Sonam as Benji is doing what he has to do to pay the bills and get his wife the medical attention she needs. He is a bit desperate and is a fast talker, the problem is you can’t fast talk a monk, especially this monk. Einhorn as Ron is a man on a mission to get his hands on the most sought-after weapon. He wants it with every fiber of his being. Here is another character that doesn’t understand the people of the village.
Jatsho as Choephel believes that he knows what is best politically and doesn’t like the oppositions way of handling the campaign that leaves his wife uncomfortable. Selden as Yuphel is dealing with her own problems of the bullies at school.
Shout out to Choejey as the Lama who is the actual and only Lama of the village.
Other cast include Tandin Phubz as Phurba and Ugyen Dorji as the police.
Roadside Attractions has, since 2003, grossed over $300M and garnered nineteen Academy Award nominations. They have had critical and commercial hits such as MANCHESTER BY THE SEA, BEN IS BACK, BEATRIZ AT DINNER, HELLO MY NAME IS DORIS, WINTER’S BONE and THE COVER as well as so many others. For more information of what Roadside Attractions has to offer please visit www.roadsideattractions.com.
THE MONK AND THE GUN is a stunning, delightful, beautiful story that has a few giggles mixed in. To me it is the story of a change that very few want and a Lama who believes that he knows how to make it right. In the mix is a gun that so many seem to want but each has their own reason. The cinematography is as simple as the people living in the village.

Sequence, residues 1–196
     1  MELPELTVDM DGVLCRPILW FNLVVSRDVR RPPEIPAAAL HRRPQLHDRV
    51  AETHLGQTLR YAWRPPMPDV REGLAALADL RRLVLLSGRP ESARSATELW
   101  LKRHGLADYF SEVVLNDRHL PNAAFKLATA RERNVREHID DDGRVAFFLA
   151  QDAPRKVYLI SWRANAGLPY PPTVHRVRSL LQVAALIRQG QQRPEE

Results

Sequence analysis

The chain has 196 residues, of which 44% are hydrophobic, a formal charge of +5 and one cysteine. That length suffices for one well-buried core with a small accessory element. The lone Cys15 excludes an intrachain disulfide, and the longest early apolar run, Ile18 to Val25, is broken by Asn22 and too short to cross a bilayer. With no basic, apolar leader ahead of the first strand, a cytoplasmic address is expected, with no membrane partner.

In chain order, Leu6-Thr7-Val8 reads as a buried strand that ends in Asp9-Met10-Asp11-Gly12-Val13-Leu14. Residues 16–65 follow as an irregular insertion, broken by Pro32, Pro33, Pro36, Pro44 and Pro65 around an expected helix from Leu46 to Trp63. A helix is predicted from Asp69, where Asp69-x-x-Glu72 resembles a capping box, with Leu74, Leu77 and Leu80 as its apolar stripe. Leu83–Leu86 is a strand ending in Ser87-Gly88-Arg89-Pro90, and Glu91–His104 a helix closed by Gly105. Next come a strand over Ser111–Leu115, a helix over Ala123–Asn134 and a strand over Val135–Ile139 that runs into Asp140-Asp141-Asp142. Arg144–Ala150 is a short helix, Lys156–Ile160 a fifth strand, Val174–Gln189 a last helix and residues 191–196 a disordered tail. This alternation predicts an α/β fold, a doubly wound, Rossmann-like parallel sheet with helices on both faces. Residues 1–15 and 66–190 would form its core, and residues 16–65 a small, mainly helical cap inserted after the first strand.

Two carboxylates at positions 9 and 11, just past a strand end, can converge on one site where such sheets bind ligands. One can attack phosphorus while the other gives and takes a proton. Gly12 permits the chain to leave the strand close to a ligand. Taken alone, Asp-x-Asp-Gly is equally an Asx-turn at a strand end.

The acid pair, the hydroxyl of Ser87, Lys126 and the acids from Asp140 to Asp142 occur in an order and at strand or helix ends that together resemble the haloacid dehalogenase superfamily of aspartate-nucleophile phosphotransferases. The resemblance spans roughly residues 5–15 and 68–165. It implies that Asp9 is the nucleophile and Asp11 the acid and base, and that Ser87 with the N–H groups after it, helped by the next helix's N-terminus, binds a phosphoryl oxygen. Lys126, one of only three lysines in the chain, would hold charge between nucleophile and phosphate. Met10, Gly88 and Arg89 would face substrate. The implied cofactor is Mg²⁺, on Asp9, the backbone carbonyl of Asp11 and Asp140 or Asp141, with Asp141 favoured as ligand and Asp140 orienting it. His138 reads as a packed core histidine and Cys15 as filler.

Writer/director Dorji says of his film, “I wanted the Lama and the monk characters in the movie to personify the Bhutanese veneration to the culture and traditions of Buddhism. A personification where there is so much respect for the ordained that the rural people don’t even seem to question or flinch at the audacity of the monk with a gun, because there is so much trust that stems from the Buddha’s teachings that the ‘motivation behind an act is much more important than the act itself’. It is also important to highlight the value of symbolism in Bhutanese culture, how the symbolic power of items can, at time, be even more important than the item itself.”
What I found even more important about what Dorji had to say about the film is that, “One of the main reasons I wanted to tell this story is because I wanted to share with the world, and remind my fellow Bhutanese of the unique circumstances that lead to the opening up and modernization of Bhutan”. It is such a wonderful way for Dorji to share his culture and in such a unique way.
THE MONK AND THE GUN is such a wonderful film of family, culture, a village, a bit of greed and a resolution that is nothing short of spectacular. In their world of guns and James Bond, this film shows an understanding of the world creeping into Ura but yet Ura does not give up their beliefs or their love and respect of peace. Who they are as a people says everything.
This film is the submission for Best International Feature Film for the 94th Academy Awards for 2024.
In the end – a different perspective on peace and a gun!